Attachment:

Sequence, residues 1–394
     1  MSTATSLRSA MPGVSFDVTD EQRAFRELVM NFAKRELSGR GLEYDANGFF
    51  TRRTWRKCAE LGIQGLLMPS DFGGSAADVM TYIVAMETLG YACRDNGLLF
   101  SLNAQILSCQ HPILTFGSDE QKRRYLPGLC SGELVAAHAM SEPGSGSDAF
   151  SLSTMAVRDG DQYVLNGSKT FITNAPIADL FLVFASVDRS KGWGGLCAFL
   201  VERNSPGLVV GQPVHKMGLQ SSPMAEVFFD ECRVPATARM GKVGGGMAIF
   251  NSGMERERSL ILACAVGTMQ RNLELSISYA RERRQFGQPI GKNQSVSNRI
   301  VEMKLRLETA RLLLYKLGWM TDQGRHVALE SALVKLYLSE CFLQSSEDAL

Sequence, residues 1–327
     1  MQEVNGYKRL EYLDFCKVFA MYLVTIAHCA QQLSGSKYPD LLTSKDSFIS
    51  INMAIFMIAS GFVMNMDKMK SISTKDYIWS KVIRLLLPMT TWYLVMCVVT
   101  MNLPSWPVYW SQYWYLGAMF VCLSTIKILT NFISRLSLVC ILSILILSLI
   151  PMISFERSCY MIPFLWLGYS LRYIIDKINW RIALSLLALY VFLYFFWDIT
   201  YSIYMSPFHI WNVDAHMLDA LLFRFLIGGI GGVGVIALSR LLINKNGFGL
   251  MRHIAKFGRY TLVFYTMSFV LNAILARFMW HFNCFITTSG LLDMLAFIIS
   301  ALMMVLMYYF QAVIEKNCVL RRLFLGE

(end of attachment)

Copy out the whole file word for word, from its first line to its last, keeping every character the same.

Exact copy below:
Sequence, residues 1–394
     1  MSTATSLRSA MPGVSFDVTD EQRAFRELVM NFAKRELSGR GLEYDANGFF
    51  TRRTWRKCAE LGIQGLLMPS DFGGSAADVM TYIVAMETLG YACRDNGLLF
   101  SLNAQILSCQ HPILTFGSDE QKRRYLPGLC SGELVAAHAM SEPGSGSDAF
   151  SLSTMAVRDG DQYVLNGSKT FITNAPIADL FLVFASVDRS KGWGGLCAFL
   201  VERNSPGLVV GQPVHKMGLQ SSPMAEVFFD ECRVPATARM GKVGGGMAIF
   251  NSGMERERSL ILACAVGTMQ RNLELSISYA RERRQFGQPI GKNQSVSNRI
   301  VEMKLRLETA RLLLYKLGWM TDQGRHVALE SALVKLYLSE CFLQSSEDAL

Sequence, residues 1–327
     1  MQEVNGYKRL EYLDFCKVFA MYLVTIAHCA QQLSGSKYPD LLTSKDSFIS
    51  INMAIFMIAS GFVMNMDKMK SISTKDYIWS KVIRLLLPMT TWYLVMCVVT
   101  MNLPSWPVYW SQYWYLGAMF VCLSTIKILT NFISRLSLVC ILSILILSLI
   151  PMISFERSCY MIPFLWLGYS LRYIIDKINW RIALSLLALY VFLYFFWDIT
   201  YSIYMSPFHI WNVDAHMLDA LLFRFLIGGI GGVGVIALSR LLINKNGFGL
   251  MRHIAKFGRY TLVFYTMSFV LNAILARFMW HFNCFITTSG LLDMLAFIIS
   301  ALMMVLMYYF QAVIEKNCVL RRLFLGE